A poppy field in Burma (Photo: Karen News)
The Burma Army and government-backed militias are enabling a drug crisis in Kachin State, according to the Kachin Women’s Association Thailand (KWAT).
“Where the Burma Army has seized former Kachin Independence Army territories, it has allowed its allies to expand control over these areas. Overturning KIA anti-drug policies which had limited poppy cultivation, these allies have promoted opium growing and drug refining, leading to an increase in drug production,” KWAT said in a new report.
The 50-page report referred to first hand interviews of drug addicts and family members, detailing the terrible cost drug abuse is having on communities.
A woman from Myitkyina was quoted in the report describing how her nephew had died.
“He started taking opium when he was 13, because of his friends. His parents were in jail on drug charges. When he needed money to buy drugs, he stole from his grandmother. He started to take No. 4 (heroin). He was using his friends’ syringes to take No. 4. Because of that he was infected with HIV, and died.”
KWAT said that opium was booming in areas of government control, in both Kachin and Shan states, and that drug use was especially widespread among miners, truck drivers and young people.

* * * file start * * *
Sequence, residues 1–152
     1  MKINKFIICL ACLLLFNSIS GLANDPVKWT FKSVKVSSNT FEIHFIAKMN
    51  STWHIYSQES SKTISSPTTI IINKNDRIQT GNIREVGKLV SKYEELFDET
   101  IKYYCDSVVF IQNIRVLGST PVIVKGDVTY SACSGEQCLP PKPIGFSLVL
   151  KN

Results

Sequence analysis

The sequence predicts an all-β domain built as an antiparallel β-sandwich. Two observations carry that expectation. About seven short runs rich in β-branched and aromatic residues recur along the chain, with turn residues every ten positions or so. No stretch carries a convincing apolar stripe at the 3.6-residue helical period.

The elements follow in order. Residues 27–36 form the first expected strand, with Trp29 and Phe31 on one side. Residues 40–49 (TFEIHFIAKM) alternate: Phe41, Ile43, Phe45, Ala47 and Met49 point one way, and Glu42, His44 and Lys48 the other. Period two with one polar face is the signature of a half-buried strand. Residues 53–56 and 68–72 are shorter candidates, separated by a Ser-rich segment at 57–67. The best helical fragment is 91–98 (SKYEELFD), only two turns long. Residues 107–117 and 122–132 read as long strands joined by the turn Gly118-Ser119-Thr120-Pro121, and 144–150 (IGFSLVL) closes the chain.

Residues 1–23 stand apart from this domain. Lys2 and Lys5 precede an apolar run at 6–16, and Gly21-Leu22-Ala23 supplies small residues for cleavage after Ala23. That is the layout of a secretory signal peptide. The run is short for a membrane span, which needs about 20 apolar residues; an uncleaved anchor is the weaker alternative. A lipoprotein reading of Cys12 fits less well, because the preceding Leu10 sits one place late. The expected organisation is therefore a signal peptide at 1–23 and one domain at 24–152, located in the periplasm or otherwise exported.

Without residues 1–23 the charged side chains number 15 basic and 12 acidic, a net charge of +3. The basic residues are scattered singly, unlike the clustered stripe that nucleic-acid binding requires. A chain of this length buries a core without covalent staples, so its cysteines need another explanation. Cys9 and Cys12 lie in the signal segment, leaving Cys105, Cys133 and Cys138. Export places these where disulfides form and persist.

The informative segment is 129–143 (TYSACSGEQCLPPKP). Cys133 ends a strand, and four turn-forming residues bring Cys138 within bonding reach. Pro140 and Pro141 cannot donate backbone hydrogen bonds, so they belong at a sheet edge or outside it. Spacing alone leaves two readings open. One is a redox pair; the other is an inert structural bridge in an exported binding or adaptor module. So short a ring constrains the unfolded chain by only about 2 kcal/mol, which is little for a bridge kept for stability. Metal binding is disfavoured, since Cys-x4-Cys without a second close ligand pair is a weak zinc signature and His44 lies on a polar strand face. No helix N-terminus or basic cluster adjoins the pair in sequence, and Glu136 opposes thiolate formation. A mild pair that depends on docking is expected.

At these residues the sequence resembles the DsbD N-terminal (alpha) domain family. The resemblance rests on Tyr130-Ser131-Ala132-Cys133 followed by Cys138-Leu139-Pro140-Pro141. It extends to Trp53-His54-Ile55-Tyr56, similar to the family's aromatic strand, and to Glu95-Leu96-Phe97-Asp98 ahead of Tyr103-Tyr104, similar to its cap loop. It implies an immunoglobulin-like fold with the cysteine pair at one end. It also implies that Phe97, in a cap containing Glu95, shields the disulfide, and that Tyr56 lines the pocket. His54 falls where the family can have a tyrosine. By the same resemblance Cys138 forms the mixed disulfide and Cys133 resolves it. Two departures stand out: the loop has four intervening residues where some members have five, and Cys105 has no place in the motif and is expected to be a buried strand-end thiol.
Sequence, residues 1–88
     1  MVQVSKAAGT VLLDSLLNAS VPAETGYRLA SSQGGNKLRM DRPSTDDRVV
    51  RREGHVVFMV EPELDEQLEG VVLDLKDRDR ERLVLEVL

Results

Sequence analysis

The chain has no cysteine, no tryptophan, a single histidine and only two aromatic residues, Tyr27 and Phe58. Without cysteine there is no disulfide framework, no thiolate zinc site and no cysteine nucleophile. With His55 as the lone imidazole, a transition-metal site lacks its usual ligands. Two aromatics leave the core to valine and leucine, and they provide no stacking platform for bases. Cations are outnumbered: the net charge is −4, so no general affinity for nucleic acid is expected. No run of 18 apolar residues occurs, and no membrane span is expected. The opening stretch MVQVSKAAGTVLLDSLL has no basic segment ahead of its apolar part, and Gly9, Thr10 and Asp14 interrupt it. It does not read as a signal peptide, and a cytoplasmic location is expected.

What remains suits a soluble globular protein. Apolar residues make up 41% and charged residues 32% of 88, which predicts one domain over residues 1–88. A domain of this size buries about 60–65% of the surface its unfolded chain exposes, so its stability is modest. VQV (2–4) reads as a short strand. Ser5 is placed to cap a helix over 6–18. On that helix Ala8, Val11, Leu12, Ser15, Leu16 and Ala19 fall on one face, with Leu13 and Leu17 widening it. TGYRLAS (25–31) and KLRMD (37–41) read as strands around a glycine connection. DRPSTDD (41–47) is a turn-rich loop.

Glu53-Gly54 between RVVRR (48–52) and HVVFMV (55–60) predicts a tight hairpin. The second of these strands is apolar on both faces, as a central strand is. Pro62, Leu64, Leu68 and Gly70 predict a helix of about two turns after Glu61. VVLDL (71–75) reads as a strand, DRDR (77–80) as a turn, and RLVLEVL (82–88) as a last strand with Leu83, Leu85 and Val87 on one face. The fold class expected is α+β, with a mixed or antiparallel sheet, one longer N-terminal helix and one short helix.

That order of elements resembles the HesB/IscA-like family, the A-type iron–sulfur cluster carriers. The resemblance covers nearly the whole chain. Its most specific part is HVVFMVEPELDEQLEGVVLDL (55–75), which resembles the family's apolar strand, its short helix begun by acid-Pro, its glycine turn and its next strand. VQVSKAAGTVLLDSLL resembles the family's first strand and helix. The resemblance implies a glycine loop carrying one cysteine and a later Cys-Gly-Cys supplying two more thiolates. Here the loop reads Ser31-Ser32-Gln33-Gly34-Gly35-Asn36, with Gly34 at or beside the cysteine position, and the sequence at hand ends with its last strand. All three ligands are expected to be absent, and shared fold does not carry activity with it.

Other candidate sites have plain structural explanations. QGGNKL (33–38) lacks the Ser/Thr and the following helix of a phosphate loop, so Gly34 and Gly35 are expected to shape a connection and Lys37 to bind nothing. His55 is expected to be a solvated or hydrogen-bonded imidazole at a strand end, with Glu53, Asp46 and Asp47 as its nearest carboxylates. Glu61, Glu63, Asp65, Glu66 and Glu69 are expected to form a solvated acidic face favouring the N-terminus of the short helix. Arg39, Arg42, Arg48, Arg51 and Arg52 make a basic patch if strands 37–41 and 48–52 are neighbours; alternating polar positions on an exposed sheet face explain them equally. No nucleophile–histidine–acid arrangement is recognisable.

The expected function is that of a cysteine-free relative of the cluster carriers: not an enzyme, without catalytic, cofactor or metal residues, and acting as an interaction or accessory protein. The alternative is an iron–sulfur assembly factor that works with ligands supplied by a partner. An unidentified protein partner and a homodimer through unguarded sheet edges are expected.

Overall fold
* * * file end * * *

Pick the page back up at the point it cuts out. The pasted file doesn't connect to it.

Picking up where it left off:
“Opium, heroin and methamphetamines are flooding from these government-controlled areas into Kachin communities, worsening existing problems of drug abuse, particularly among youth. It is estimated that about one third of students in Myitkyina and Bhamo universities are injecting drug users,” KWAT said.
Doctor Voravit Suwanvanichkij, a research associate at the Centre for Public Health and Human Rights, Johns Hopkins Bloomberg School of Public Health, and a specialist on Burma’s healthcare system, said that drug use in Burma was contributing to a rise in HIV infection rates.
Dr. Suwanvanichkij told Karen News that injection drug users were a high-risk group, but that reliable statistics on the matter are not readily available.
“In the data that we do have, the states in Burma that face the most severe epidemics of HIV/AIDS are likely Kachin and Shan states,” said Dr. Suwanvanichkij.
Burma is the world’s second largest producer of poppy after Afghanistan.
KWAT noted that four current MPs in the Shan State Assembly were leaders of government-backed militias with alleged links to the drug trade.
“The future of the Kachin people is at stake. We need urgent action to tackle the drug problem before it’s too late,” said Shirley Seng, a spokesperson for KWAT.
Source: Karen News